CCA Expert Panel on MAiD

Canadian Council of Academies Expert Panel on Medical Assistance in Dying

Through the Canadian MAiD legislation, Parliament tasked the Ministers of Health and Justice to “initiate one or more independent reviews of issues relating to requests by mature minors for medical assistance in dying, to advance requests and to requests where mental illness is the sole underlying medical condition.”  In December 2016, the Government asked the Canadian Council of Academies to conduct an independent review on these issues.  The Canadian Council of Academies in turn appointed an Expert Panel to conduct the review.  The Expert Panel will conduct an assessment of the evidence available on the three issues and will release the results of its independent review in the Fall 2018.  It will not make recommendations on the policy issues that lie behind the statutory mandate to initiate the review.  The Government is required to report back to Parliament by December 2018.

Mature minors – access to MAiD is restricted to individuals over the age of 18.  The policy issue here is whether mature minors should also have access and, if so, under what conditions.  Mature minors are individuals under the age of majority (18 or 19 depending on the province or territory) who have the capacity to understand and appreciate the consequences of the specific decision in front of them.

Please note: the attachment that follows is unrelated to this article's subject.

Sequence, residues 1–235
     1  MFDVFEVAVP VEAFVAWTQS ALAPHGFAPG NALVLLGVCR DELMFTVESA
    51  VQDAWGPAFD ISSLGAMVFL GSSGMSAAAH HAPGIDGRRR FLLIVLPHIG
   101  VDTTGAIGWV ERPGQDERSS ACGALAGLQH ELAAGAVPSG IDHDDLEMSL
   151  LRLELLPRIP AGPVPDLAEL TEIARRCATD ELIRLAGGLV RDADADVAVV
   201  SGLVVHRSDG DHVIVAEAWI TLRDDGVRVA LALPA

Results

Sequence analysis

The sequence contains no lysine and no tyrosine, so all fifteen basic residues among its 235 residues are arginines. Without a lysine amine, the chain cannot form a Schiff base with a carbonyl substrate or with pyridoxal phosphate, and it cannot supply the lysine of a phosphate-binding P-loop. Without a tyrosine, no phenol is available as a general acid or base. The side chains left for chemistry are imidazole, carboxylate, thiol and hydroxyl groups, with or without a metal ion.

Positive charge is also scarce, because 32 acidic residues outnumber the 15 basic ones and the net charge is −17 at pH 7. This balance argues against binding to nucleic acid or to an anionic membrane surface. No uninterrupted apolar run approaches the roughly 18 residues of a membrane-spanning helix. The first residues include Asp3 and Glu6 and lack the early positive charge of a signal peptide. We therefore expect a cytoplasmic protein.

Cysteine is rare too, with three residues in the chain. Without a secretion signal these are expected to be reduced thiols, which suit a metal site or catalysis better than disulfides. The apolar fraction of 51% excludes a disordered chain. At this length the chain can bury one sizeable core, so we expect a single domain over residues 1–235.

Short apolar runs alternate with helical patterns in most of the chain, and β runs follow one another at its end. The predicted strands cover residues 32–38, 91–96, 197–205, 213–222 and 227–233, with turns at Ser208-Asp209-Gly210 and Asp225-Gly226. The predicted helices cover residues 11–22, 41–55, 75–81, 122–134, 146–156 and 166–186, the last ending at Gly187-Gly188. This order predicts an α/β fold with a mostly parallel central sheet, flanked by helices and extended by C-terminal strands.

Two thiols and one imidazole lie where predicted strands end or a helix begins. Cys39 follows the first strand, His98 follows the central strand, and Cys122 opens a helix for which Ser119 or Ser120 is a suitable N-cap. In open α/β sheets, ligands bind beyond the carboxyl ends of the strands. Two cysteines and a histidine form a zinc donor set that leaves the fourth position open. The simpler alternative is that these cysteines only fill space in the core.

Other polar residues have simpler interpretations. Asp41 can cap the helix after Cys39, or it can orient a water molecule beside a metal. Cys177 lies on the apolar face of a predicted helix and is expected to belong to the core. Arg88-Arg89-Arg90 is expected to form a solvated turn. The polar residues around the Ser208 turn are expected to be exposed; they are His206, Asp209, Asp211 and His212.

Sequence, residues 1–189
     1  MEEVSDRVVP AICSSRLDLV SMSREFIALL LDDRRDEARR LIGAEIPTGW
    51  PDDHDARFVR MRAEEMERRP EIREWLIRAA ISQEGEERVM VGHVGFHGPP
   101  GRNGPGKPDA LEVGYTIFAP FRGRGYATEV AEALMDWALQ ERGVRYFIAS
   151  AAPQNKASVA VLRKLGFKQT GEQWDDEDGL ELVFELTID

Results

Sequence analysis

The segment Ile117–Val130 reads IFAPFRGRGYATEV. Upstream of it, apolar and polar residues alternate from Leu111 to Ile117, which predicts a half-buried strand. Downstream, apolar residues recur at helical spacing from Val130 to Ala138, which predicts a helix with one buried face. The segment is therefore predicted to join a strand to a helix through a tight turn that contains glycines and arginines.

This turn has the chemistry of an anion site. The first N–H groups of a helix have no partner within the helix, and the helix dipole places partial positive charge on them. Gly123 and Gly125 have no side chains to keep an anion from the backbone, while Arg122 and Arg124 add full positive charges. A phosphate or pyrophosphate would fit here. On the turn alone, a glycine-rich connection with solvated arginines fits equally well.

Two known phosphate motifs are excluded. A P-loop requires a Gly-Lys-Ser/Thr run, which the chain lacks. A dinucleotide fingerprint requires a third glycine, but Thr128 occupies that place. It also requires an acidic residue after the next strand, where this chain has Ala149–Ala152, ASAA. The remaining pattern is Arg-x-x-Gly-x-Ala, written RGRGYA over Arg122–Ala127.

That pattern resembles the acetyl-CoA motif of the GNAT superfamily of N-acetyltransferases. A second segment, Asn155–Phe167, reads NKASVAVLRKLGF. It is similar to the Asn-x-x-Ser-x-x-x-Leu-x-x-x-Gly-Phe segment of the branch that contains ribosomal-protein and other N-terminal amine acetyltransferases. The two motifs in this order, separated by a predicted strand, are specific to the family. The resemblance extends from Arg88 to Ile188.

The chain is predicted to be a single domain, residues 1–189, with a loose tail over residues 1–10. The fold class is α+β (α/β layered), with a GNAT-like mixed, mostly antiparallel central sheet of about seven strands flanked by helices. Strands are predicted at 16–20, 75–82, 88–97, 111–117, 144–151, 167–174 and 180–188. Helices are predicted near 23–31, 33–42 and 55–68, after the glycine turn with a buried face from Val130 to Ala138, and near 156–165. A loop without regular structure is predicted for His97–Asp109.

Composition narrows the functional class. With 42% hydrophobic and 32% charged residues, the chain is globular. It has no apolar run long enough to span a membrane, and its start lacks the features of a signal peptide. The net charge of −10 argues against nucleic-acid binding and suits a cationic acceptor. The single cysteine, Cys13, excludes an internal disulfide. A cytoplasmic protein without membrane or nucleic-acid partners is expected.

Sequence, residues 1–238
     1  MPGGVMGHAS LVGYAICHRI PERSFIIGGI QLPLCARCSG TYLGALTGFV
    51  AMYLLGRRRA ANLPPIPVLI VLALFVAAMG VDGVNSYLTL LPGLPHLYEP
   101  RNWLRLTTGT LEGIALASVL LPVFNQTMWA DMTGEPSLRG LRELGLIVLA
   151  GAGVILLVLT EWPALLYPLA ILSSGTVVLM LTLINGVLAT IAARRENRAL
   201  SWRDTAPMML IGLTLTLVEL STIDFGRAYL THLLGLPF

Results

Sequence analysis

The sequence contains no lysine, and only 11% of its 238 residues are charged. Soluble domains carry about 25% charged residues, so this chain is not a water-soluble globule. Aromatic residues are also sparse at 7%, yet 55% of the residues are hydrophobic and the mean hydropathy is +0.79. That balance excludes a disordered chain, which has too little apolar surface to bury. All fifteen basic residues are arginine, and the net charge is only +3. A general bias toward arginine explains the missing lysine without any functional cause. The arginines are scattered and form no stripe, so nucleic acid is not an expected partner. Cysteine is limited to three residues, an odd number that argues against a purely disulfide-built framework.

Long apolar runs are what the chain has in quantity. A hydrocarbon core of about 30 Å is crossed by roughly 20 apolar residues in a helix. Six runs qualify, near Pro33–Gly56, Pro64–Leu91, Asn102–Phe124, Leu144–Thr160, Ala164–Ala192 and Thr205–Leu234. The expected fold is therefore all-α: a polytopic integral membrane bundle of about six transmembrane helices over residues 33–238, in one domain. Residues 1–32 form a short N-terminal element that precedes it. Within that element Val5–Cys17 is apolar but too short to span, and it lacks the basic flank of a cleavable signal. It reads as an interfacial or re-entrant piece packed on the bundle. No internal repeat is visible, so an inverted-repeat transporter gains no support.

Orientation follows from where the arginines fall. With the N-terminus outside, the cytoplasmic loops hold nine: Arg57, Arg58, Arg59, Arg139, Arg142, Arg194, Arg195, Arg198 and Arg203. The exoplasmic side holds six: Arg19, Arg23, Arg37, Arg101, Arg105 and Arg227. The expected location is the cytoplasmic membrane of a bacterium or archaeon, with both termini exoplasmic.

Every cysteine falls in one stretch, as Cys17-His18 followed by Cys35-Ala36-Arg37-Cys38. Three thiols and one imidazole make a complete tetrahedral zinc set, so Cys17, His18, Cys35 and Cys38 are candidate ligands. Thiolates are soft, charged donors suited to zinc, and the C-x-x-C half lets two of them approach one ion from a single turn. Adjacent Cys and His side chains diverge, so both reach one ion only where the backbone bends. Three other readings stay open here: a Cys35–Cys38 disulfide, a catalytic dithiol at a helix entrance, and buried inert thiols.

Advance requests – access to MAiD is restricted to individuals who have the capacity to give express consent immediately prior to the provision of MAiD.  The policy issue here is whether access to MAiD should be available through requests made by competent individuals in advance of loss of capacity and, if so, under what conditions.

Mental illness is the sole underlying medical condition – individuals whose sole underlying medical condition are not expressly excluded from access to MAiD.  If they meet the eligibility criteria, access is permitted under the legislation.  However, as a consequence of the specific definition of the general eligibility criterion “grievous and irremediable medical condition,” many people with mental illness as the sole underlying medical condition will not be deemed eligible.  Most commonly, they will found to not meet the requirement that their “natural death has become reasonably foreseeable”.  The policy issue here is whether access to MAiD for individuals whose sole underlying medical condition is a mental illness should be more restrictive (change the law to explicitly exclude them), retain the status quo (leave the law as it is such that they qualify if they meet the current eligibility criteria), or more permissive (change the law so as to allow greater access) and, if becoming more permissive, under what conditions to allow access.

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